So, depending on your home stereo system, many folks preferred the earlier CDs over the latter. Even SONY admitted their remastering was not entirely satisfactory.
Now at long last, SONY has gathered them all together in this budget box set. But here's the rub - and what's missing from this reissue - SONY no longer displays the ubiquitous '24-bit' remastering logo on any of these new releases. Nor is there any mention of ANY remastering whatsoever - simply a "compilation" date. What a great disappointment! And what a missed opportunity to do this right. Therefore I can't see any reason to buy these a THIRD time, except to save room on the shelf by replacing the 12 individual 2011 CDs.
I have always hoped these recordings would one day receive a new lease on life with improved sound. Similarly, I've also wished for a newly remastered collection of classic Arthur Fiedler/Boston Pops material. But, alas, I may never see it. If SONY is no longer going to make any attempt to remaster these recordings, there really is no point, other than the luxury of having them all in a convenient box.
However, for those with surround playback capabilities, we are can turn to the wonderful Dutton/Vocalion label, which has focused its efforts on releasing this series of Classic Film Scores, newly remastered, on SACD. As these were originally recorded in Quadraphonic 4-channel, this would seem the most logical solution in allowing these recordings to be heard in their original, intended format, and will most likely provide the most natural sound. I have acquired only the first one to be released: Lost Horizon (2018). I listen in 2-channel SACD, as I do not have surround sound capabilities. Unfortunately, I found that even on SACD, the stereo layer was not a significant improvement over the 2011 SONY CD remaster. I suspect whatever process is used to downmix 4 channels to 2 may be proving difficult, as I hear similar results from both SONY and Dutton. But for those wanting to explore further, Dutton has released 5 titles in the series to date. They can be imported directly from Dutton (via Amazon), or for better prices, from Presto Classical online.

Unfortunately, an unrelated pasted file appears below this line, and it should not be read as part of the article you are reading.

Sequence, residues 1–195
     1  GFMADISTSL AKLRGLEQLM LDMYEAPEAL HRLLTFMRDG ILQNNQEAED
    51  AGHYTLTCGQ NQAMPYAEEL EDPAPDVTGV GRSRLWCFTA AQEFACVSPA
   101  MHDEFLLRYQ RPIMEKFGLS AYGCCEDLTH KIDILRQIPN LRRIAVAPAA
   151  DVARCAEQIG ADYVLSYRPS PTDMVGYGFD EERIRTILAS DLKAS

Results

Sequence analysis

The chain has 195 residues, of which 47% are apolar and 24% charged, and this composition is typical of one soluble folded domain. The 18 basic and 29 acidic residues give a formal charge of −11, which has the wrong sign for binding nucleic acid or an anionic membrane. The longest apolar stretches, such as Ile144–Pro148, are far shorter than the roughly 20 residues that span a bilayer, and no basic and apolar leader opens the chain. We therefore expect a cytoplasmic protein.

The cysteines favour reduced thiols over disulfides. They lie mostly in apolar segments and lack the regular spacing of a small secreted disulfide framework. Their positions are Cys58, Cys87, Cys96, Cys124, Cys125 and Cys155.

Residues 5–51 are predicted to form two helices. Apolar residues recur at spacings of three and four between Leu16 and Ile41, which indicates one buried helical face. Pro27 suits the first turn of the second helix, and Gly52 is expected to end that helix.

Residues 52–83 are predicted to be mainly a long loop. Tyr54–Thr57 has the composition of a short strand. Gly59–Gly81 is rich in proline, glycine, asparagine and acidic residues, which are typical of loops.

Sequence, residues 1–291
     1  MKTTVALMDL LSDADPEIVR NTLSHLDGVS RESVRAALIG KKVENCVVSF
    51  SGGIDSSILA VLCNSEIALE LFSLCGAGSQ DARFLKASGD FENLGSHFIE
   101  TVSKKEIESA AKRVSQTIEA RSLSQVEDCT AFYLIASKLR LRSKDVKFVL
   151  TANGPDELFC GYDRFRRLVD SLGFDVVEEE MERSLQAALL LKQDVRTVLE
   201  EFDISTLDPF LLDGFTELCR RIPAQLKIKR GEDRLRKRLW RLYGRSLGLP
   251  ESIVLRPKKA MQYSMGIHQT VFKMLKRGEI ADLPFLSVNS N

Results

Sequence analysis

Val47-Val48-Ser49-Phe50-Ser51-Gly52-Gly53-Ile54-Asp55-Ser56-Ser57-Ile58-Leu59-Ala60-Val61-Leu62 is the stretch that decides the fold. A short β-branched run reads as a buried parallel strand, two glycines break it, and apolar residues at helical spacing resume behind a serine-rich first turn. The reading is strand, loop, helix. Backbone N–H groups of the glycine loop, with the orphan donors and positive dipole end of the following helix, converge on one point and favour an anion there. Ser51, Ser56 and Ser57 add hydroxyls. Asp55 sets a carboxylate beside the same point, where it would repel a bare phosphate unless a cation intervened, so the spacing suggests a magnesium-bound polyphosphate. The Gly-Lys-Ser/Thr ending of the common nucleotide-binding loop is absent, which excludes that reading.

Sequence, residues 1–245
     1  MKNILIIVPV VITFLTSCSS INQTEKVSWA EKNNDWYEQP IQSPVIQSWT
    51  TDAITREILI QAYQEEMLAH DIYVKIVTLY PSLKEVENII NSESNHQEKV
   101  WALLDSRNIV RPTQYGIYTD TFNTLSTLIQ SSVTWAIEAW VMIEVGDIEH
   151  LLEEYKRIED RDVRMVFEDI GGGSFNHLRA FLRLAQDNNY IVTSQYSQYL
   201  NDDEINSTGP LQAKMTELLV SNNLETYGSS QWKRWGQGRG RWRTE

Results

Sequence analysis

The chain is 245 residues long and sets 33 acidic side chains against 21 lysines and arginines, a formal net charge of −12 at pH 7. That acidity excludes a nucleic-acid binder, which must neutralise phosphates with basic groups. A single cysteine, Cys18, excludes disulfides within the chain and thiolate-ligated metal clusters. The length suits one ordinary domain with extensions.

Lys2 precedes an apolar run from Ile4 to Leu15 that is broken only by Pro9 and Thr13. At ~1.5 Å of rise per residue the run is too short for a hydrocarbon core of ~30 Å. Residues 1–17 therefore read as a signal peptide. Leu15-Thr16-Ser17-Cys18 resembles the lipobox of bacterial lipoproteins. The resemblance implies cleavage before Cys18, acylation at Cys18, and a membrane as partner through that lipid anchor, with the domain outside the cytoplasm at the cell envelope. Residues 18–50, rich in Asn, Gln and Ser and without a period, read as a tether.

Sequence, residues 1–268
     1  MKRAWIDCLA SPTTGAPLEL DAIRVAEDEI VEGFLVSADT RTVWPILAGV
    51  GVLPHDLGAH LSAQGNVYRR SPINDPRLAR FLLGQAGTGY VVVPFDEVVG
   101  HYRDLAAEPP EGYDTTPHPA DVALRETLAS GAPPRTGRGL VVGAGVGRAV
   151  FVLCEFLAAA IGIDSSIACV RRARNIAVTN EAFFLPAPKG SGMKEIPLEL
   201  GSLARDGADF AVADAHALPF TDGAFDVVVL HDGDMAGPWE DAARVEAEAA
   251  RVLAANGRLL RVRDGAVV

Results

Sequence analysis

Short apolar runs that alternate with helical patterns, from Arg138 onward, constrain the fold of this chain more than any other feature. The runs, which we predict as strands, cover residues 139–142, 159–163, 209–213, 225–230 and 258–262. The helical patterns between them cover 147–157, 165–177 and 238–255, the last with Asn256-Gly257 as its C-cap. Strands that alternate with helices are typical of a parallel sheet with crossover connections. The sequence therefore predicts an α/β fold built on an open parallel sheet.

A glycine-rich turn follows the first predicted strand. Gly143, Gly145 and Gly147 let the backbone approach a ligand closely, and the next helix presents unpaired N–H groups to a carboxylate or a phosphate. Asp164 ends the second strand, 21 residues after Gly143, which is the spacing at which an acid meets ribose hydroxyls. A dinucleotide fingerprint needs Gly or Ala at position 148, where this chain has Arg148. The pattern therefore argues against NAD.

I always welcome each new batch of these SONY budget box sets with anticipation. There are often many exciting reissues of long out-of-print recordings being rediscovered, along with a head-scratcher or two. This newest batch is no exception. But I think SONY is learning. This latest release of 10 appears to offer logical, all-inclusive and comprehensive collections with every one.